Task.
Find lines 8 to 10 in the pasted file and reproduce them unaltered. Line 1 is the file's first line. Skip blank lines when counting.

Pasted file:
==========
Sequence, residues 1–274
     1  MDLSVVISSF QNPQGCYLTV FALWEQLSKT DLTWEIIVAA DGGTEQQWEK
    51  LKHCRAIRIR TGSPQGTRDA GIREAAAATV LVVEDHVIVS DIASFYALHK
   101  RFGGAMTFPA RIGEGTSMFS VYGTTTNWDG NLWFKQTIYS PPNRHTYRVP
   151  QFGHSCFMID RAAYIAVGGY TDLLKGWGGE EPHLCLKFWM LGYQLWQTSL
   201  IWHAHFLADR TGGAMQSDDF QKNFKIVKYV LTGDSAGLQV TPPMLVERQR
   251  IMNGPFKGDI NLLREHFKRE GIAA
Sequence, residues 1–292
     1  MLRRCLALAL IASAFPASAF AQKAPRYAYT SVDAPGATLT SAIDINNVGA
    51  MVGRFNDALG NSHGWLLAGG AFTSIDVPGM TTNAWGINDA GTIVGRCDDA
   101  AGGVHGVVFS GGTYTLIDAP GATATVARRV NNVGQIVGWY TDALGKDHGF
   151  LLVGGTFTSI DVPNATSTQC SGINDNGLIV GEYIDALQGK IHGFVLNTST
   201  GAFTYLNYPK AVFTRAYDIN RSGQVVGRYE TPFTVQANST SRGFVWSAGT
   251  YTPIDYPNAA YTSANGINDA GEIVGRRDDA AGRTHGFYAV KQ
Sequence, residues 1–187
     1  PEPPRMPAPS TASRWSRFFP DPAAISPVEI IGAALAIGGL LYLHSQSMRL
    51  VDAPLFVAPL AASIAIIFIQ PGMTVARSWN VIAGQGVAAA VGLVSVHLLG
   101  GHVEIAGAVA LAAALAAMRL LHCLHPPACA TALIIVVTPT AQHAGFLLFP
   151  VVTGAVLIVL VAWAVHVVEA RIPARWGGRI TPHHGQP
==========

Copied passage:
Sequence, residues 1–292
     1  MLRRCLALAL IASAFPASAF AQKAPRYAYT SVDAPGATLT SAIDINNVGA
    51  MVGRFNDALG NSHGWLLAGG AFTSIDVPGM TTNAWGINDA GTIVGRCDDA